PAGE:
Ethereum now has over 500,000 validators keeping the network secure ahead of its highly anticipated Shanghai upgrade, scheduled for March.
The update will allow such validators to withdraw their ETH from the Ethereum staking contract, some of which have been locked up for years.
Rise of Ethereum validators
According to data from BeaconScan, Ethereum validator count passed 500,000 on January 12, 2023. It registered at 501,893 on Monday.
A “validator” is a user within a proof-of-stake network who helps validate incoming transactions and blocks, while occasionally proposing new blocks. To become a validator, users need to stake at least 32 ETH as an initial investment, worth about $50,000 at the time of writing.
Ethereum’s validator count has grown steadily since the launch of the Ethereum beacon chain in December 2020. However, until now those validators have been prevented from withdrawing their participation for security reasons.
Despite many delays, the beacon chain was finally merged with the Ethereum execution layer in September 2022, changing the network’s consensus mechanism from proof-of-work to proof-of-stake. Since then, Ethereum developers have promised to prioritize enabling withdrawals, with the feature expected to hit its public testnet in February and launch on the mainnet in March.
Under its previous proof-of-work mechanism, Ethereum was secured through computational power consumed by “miners” completing complex mathematical equations to build Ethereum blocks. Miners who successfully mined blocks were rewarded with new ETH.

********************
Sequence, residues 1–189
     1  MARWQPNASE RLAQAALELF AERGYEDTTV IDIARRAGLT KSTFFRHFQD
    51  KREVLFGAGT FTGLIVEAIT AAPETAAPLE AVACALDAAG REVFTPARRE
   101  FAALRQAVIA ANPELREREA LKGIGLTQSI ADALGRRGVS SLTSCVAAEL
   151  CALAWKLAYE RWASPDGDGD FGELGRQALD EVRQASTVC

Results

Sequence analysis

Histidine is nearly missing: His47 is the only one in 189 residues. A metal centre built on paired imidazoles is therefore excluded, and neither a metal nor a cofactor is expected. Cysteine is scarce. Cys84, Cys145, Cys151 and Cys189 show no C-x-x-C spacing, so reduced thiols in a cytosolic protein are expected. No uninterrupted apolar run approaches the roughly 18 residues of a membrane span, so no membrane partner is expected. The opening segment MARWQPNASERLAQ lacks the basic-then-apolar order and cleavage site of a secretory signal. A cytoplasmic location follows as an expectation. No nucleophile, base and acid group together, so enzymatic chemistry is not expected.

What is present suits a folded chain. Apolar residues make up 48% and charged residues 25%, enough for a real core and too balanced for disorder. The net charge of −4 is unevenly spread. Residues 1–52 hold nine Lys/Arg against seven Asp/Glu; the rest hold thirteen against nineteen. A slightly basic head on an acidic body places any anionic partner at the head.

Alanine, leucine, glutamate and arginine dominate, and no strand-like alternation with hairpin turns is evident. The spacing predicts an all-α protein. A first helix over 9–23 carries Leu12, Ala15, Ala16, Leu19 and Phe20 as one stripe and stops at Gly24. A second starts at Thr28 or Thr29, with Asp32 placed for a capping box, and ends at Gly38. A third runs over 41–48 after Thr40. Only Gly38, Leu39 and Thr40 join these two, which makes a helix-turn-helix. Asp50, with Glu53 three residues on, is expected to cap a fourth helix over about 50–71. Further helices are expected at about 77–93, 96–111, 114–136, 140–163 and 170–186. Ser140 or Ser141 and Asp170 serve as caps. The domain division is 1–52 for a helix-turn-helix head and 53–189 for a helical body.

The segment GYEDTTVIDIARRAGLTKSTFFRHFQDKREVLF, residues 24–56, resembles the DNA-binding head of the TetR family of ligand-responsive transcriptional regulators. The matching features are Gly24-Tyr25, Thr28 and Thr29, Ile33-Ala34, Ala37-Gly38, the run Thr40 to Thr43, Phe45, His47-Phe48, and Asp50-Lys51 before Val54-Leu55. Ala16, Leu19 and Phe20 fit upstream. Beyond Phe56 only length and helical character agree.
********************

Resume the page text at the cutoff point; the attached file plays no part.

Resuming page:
Under proof-of-stake, miners become obsolete in favor of validators, who can create and attest to the validity of blocks in exchange for an ETH reward. The more ETH a validator chooses to block, the more likely the network will select them to create a block, thus earning more rewards.
Theoretically, staking one’s ETH allows one to earn an effective return on their holdings at no cost, except for the opportunity cost of where that ETH might be deployed.
Nevertheless, liquid staking Options provided by staking services like Lido and RocketPool allow stakers to receive stETH or rETH in exchange for their staking assets. Backed by assets that have been locked up, each of these tokens is freely tradable as ETH equivalents, giving holders the benefits of staking without sacrificing liquidity.
Last week, ConsenSys Announced that MetaMask had partnered with Lido and Rocketpool to allow users to stake with each service and receive stETH and rETH directly within the wallet app.
Exchanges like Binance, Coinbase, and Kraken also offer staking services and provide their own ETH-equivalent tokens in exchange for clients (for example, BETH on Binance). Such services allow smaller ETH holders to bypass the 32 ETH barrier required for independent participation, in exchange for a small fee charged by the provider.
Some fear that centralized participants could gain too much control over the Ethereum consensus over time and could conspire to compromise the integrity of the network. Coinbase CEO Brian Armstrong has claimed that if regulators asked his exchange to do something nefarious, his company would likely shut down its staking service.
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This post Ethereum tops 500,000 validators as staking withdrawal deadline approaches
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